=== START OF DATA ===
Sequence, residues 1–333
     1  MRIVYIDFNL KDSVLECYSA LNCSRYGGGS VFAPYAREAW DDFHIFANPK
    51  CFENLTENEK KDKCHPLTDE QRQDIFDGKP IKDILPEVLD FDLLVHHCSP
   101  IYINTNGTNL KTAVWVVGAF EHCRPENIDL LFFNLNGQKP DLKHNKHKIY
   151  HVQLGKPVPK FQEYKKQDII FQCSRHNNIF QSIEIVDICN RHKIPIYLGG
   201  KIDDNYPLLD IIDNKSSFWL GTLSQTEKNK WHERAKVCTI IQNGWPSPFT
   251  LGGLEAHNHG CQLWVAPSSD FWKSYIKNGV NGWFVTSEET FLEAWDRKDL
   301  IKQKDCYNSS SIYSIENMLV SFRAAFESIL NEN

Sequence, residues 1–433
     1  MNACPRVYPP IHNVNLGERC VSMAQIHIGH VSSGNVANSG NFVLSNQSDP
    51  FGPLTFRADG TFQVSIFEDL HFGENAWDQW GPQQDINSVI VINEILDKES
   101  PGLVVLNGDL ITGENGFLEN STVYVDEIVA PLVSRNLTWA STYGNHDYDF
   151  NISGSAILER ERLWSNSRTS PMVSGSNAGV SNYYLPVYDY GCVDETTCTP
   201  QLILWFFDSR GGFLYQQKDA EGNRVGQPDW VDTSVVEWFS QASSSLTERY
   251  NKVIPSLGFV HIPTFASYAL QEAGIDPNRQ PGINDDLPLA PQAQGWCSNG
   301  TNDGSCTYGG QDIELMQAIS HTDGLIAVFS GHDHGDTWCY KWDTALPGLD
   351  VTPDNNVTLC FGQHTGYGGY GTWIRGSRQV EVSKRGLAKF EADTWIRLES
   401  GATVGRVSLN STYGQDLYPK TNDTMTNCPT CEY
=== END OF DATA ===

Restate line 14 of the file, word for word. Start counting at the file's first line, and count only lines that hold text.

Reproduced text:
   201  QLILWFFDSR GGFLYQQKDA EGNRVGQPDW VDTSVVEWFS QASSSLTERY